Microsoft to shutter former Nokia plant in Salo, Finland, and axe 2,300 jobs in the country

Microsoft (NASDAQ: MSFT) confirmed it has ended negotiations with staff and will close Nokia's (NYSE:NOKIA) former handset product development unit in Salo, Finland. Microsoft also reiterated that it plans to cut 2,300 of its 3,200 employees in the Nordic country, part of a broader restructuring and round of job cuts the software giant announced in July.

In a stock exchange release, Microsoft said it will transfer operations from its Salo plant, which it acquired along with Nokia's devices and services business in 2014, to other locations in Espoo and Tampere, Finland.

Microsoft also said that it will make a final decision on job cuts at its Espoo and Tampere units later on, but will focus on concentrating its product management and product development teams for its phone business at those two sites, according to Finnish broadcaster YLE.

In Espoo, Microsoft employees will continue to work on high-end phones, applications development and design while workers in Tampere will concentrate on mid-range smartphones and the development of key technologies. Besides former Nokia employees, Microsoft also has a sales and marketing team of less than 300 workers in Finland, according to YLE.

Microsoft said in July said it would cut around 7,800 jobs, mostly from its phone business, and record an impairment charge of around $7.6 billion related to its purchase of Nokia's handset business.

After the most recent cuts were announced, Finnish Prime Minister Juha Sipila called Microsoft's decision "a big blow" and visited Salo to hear from local residents on how the government could best help the town, according to Reuters. Towns like Salo, home to one of Nokia's first factories set up in the 1970s, have been hit hard economically as Nokia cut tens of thousands of jobs even before the Microsoft deal.

Ten years ago, Nokia's operations in Salo employed 5,000 workers, according to Reuters. As The New York Times recently reported, policy makers in Finland have been working to try to find new jobs for the thousands of recently unemployed tech workers that Nokia and Microsoft have shed in the country -- and have pressured the companies to offer benefits that could help mitigate the impact of the layoffs.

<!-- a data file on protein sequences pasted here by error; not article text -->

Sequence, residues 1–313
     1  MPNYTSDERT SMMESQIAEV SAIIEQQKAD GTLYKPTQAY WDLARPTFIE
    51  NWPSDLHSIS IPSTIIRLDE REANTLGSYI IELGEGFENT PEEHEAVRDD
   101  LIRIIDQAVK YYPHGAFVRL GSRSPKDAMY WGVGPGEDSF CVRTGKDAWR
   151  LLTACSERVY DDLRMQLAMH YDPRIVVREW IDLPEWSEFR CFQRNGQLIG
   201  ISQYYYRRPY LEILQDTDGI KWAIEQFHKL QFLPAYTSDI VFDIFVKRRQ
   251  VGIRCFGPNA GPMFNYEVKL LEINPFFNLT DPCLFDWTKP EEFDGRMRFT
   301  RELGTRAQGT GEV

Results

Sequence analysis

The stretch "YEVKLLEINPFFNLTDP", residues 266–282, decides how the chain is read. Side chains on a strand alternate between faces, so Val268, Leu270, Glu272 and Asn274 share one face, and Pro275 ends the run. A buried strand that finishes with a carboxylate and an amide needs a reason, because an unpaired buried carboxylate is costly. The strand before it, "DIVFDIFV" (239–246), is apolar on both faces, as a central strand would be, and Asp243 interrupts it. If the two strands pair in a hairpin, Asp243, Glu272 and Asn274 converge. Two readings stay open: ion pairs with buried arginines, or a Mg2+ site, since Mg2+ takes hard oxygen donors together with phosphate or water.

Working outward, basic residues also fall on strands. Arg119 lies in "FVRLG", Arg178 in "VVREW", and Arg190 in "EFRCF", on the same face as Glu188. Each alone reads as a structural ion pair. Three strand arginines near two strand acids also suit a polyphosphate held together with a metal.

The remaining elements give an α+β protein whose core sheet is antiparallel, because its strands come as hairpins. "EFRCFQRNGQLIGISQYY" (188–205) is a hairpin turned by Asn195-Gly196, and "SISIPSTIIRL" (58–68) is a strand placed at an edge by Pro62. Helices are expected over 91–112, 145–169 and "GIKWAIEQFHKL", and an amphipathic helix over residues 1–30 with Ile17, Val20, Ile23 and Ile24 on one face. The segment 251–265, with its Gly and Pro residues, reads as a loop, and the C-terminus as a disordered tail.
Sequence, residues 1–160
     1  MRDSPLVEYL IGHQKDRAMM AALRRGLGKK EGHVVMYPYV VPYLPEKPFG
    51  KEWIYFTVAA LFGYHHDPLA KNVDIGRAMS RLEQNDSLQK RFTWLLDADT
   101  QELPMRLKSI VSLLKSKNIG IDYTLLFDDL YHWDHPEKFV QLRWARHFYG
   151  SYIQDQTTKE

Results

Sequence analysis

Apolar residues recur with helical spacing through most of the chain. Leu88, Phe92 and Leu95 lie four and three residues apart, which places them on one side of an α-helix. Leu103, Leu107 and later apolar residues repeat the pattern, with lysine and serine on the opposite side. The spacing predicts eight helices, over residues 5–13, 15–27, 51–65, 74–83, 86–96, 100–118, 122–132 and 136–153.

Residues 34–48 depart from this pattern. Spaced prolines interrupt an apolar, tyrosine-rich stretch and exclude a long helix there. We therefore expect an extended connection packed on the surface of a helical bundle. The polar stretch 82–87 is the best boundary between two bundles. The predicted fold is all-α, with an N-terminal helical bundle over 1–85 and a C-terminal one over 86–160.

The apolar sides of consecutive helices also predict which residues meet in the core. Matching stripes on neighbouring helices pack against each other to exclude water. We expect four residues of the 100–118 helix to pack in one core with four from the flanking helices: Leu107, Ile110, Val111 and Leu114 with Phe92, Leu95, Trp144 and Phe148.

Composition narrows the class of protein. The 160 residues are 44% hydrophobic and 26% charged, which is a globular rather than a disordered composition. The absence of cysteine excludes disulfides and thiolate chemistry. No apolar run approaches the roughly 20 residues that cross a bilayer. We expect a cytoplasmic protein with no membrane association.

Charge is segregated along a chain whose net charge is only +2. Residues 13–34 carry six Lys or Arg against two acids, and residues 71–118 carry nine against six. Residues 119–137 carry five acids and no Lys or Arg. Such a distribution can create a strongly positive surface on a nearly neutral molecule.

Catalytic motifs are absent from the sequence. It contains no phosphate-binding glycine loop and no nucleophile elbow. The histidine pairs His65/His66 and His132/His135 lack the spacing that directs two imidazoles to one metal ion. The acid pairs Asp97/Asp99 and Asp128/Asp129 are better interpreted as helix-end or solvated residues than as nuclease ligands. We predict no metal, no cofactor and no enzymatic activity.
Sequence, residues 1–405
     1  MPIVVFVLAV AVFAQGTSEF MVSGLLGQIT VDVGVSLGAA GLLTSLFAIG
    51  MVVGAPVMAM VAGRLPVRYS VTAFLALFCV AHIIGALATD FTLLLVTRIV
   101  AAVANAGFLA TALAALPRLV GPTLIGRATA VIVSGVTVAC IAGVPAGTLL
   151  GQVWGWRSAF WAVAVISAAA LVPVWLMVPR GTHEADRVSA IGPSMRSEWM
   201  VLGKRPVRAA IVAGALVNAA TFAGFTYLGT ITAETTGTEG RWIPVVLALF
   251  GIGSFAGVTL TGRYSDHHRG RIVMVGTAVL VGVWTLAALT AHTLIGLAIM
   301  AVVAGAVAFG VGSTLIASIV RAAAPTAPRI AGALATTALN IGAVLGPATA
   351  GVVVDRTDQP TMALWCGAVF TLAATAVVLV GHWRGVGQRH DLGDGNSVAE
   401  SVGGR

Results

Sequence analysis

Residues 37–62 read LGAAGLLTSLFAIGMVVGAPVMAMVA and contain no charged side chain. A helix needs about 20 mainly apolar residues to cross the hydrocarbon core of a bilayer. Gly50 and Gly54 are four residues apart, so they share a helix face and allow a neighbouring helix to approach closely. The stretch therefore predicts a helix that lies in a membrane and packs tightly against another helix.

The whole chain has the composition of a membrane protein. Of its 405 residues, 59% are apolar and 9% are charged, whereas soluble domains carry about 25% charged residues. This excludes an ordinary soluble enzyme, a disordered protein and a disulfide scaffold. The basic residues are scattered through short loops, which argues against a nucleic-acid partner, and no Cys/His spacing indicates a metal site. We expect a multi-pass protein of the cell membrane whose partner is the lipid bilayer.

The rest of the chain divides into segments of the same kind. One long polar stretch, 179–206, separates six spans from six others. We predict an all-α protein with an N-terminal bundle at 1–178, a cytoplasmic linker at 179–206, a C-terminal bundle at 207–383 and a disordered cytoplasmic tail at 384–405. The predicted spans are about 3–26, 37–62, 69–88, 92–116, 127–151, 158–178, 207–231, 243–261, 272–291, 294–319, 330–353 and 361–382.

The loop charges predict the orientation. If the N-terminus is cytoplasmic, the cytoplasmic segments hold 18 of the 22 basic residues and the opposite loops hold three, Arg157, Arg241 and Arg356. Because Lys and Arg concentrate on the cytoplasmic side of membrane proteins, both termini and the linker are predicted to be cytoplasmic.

The cuts Microsoft announced in July were the second major round of job losses the company has made since Satya Nadella took over as CEO in February 2014. In June 2014 Microsoft said it would cut around 18,000 jobs across the company, with 12,500 of those cuts coming from former Nokia workers that Microsoft acquired. Since the deal closed, Microsoft has focused on building entry-level and mid-range Lumia-branded Windows smartphones in a bid to gain global market share, though those efforts have not borne much fruit in terms of share gains.

According to research firm Gartner, Microsoft captured 2.5 percent of the global smartphone market in the second quarter, down from 2.8 percent a year ago. However, according to a recent report from Opera Mediaworks, in countries like India, Indonesia, the Philippines and Vietnam there is a sizable chunk of the population -- around a third or more -- that do not use Android or iOS as their smartphone platform, suggesting that in some markets Microsoft and other platforms are gaining traction.

Nadella has said Microsoft will now focus on building smartphones for three main categories: for business users, entry-level phones for value phone buyers and flagship phones for "Windows fans." Nadella has also said Microsoft will release "premium" phones this year. Yet the company is going to scale back the number of phone models it sells, especially in the entry-level smartphone market, where Microsoft has had the most success.

According to a report from The Verge, which cited unnamed sources, Microsoft will hold a major hardware launch event in October and plans to unveil the high-end Lumia 950 and Lumia 950 XL smartphones.

For more:
- see this Reuters article
- see this YLE article 
- see this Helsinki Times article

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